Like many new parents back from hospital, Oliver Jeffers found himself taking his baby on a tour of his home: “Here’s the kitchen, where we make food...” This sparked the idea for his first foray into nonfiction, a picture book introducing his son to “the big globe, floating in space, on which we live”. Unmistakably conceived in the afterglow of new parenthood – the sun blazes, everyone smiles and the baby is a cute, luminous cocoon lighting up the nursery – it bursts with tenderness.
As you’d also expect from the world-renowned creator of such characters as Henry (The Incredible Book Eating Boy) and Wilfred, with his botched attempts at moose-taming (This Moose Belongs to Me), it’s witty and fun. At the bottom of a diagram of the body, ...
Full of quirky detail, this father and son jaunt is satisfyingly sillyA tall tale of fatherly devotion with a dash of Edward Gorey
and a lot of mid-century modern style, Daddy Long Legs
is surely a frontrunner for the year’s chicest picture book. Created by two established French talents, author Nadine Brun-Cosme
and illustrator Aurélie Guillerey
, it’s a story told in glorious Technicolor about a dad with an unreliable car and his anxious son wanting reassurance that he’ll be collected from nursery.
From the opening page, it’s clear we’re in for a quirky ride: Matty’s dad, a lanky chap with dots for eyes, a pink carrot nose and a drainpipe suit, leans, puzzled, over his old green “hiccuping” car. The pair eventually make it to nursery, but “what if the car doesn’t start again?” worries Matty. There’s always the neighbour’s big red tractor, says Dad, beginning to ...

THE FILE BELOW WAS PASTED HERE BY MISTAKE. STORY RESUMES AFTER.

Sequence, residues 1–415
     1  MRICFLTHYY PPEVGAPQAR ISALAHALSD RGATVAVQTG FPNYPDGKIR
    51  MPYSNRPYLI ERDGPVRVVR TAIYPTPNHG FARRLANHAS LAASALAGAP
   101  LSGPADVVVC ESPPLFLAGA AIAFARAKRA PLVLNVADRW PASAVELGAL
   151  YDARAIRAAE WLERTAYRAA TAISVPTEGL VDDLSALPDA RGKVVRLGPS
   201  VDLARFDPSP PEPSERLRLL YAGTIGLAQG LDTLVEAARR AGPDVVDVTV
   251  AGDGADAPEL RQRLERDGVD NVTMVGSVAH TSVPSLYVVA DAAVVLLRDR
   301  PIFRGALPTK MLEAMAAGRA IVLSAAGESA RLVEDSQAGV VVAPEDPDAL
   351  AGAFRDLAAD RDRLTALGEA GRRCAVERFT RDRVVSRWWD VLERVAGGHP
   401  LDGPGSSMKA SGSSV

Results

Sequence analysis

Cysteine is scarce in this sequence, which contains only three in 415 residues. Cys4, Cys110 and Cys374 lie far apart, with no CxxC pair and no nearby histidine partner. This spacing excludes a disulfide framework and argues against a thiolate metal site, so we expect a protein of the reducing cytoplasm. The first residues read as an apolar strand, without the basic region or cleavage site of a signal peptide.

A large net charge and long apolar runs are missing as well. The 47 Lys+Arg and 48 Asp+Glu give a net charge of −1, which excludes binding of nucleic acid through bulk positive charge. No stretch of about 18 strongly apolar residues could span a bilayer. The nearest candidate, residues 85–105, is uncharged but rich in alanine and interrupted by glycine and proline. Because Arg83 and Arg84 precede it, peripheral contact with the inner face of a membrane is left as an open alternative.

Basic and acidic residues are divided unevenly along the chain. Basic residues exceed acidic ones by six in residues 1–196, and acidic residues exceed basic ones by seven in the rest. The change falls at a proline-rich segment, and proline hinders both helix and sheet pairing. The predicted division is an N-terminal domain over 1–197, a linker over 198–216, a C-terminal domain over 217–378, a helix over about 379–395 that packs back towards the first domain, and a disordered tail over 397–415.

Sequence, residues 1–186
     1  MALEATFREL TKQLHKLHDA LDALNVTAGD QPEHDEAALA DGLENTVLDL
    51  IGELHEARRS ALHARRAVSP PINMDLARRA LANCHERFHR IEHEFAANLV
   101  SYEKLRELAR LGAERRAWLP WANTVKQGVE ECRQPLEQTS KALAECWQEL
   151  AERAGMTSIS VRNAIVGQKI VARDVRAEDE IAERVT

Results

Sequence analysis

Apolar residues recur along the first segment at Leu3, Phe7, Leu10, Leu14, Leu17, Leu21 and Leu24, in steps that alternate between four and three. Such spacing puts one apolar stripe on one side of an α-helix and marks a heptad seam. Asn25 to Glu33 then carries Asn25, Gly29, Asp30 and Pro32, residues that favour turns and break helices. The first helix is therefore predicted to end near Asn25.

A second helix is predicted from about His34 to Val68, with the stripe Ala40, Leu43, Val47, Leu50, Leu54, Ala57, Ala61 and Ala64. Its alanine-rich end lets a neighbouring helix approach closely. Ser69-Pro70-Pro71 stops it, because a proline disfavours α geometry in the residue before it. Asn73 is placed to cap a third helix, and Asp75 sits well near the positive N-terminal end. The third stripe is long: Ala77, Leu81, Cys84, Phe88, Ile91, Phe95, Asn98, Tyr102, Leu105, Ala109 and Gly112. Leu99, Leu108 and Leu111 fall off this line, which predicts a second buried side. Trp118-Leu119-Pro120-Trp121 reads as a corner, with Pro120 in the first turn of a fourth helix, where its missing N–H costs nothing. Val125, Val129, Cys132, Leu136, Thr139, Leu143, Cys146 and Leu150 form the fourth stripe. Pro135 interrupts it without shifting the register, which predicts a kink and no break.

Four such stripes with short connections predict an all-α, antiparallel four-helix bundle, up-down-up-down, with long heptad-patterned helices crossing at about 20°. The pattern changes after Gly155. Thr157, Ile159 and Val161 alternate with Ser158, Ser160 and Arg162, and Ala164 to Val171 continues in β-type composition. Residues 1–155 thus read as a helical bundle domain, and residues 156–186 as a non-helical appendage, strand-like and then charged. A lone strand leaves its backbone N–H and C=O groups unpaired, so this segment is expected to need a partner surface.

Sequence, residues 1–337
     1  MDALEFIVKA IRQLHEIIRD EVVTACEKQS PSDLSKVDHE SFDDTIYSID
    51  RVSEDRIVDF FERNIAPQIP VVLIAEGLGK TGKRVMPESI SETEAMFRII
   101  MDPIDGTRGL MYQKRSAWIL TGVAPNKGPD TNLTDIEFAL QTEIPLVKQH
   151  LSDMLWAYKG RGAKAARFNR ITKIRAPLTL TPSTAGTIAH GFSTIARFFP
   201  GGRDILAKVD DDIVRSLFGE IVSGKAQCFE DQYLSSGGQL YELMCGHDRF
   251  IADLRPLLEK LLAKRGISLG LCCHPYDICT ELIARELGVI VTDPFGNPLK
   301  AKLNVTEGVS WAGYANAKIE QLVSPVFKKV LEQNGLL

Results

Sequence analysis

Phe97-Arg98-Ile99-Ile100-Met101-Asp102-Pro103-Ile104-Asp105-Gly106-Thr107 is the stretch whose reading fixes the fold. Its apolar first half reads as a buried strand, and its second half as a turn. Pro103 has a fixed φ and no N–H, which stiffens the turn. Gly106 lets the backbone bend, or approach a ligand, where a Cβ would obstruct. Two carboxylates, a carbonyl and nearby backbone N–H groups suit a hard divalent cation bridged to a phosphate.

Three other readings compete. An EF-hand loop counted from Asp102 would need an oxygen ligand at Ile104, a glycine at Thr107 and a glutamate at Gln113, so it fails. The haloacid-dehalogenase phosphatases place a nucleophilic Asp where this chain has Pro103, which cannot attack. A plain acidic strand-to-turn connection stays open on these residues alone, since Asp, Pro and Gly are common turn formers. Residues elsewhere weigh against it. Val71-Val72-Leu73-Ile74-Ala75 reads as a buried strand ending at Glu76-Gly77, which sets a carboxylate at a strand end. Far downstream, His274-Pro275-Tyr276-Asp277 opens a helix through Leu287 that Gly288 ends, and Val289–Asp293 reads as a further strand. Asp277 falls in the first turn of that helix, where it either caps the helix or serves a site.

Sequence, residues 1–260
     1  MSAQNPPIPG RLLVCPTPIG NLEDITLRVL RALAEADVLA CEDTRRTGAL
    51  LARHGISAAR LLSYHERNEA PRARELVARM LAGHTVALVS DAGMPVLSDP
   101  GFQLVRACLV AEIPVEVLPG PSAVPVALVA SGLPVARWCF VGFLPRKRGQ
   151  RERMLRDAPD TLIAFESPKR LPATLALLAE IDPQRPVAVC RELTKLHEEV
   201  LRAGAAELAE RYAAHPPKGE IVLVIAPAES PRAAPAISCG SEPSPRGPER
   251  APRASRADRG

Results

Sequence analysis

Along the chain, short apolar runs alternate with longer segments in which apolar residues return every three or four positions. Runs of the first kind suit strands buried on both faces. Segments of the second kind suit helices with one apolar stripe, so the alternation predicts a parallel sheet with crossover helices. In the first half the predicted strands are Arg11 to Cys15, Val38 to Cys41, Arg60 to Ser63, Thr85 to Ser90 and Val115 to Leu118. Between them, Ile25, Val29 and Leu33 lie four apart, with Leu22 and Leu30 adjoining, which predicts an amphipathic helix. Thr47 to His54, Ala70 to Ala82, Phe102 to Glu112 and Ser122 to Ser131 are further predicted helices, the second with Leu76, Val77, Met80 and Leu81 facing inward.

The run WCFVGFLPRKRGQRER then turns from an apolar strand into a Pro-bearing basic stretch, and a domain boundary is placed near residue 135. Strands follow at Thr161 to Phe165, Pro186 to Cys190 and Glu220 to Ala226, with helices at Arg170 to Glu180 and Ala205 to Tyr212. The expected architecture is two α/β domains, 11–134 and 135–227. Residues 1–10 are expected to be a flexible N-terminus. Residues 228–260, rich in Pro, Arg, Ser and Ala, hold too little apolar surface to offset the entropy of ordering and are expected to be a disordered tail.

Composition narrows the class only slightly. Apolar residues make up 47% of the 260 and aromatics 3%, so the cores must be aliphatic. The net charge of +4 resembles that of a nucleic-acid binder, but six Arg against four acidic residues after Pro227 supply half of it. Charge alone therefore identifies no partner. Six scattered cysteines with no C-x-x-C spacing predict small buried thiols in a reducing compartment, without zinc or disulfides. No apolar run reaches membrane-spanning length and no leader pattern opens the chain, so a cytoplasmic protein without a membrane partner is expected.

This action-packed story of a rabbit craving his own space will resonate with children wanting a bit of hush
There’s a telling dedication at the beginning of this new book from Pippa Goodhart
, the British author best known for her Winnie the Witch series. “For my own little sister, Jo Eddleston”, it reads, “with whom I used to share a bedroom, with lots of love”. It sweetly encapsulates the spirit of this tale about personal space, featuring little rabbit Jack, who gets cross because he wants some peace, but soon craves the companionship of others.
It’s a story light on words yet bustling with action. From the perky rabbits squished like sardines on to the front cover, to the whirligig opening spread of singing, sneezing, strutting bunnies, you can see why Jack’s in pursuit of a quiet corner. “SHUSH!” he cries in the first line, “I want to ...
This clever picture book imagines the secret world of the young Virginia Woolf and her sister Vanessa. And doesn’t shy away from tackling depression
The novelist Virginia Woolf
once described the bond she shared with her sister
, the artist Vanessa Bell
, as a “close conspiracy”. When she took her own life in 1941 she left two suicide notes behind: one for her husband and one for her beloved Vanessa.
Now with beautiful splashes of colour and witty, uplifting text, the Canadian duo Kyo Maclear and illustrator Isabelle Arsenault imagine the secret childhood world the sisters created, while delicately exploring the theme of depression, in this exceptional picture book for ages 4+, finally published in Britain after its acclaimed release in Canada in 2012.
The bond between schoolchildren and their teachers is lovingly explored in this story of a boy who loses the class bear
Poor little Matt. No sooner has he started at his new school than he’s lost the class bear, after having him home for the weekend. Whoosh, the bear dives out of his bag and straight down a drain. Soon he’s off on a very big adventure, bouncing from boat to crane, skip to seagull beak, and ultimately back into the arms of his friends in Class One.
Like its predecessor The Paper Dolls
, also for ages 3+, this collaboration between Julia Donaldson and illustrator Rebecca Cobb takes a childlike delight in people’s names and their everyday interests. While The Paper Dolls
featured a little girl and her paper chain of friends – “They were Ticky and Tacky and Jackie the Backie and Jim with two noses and Jo ...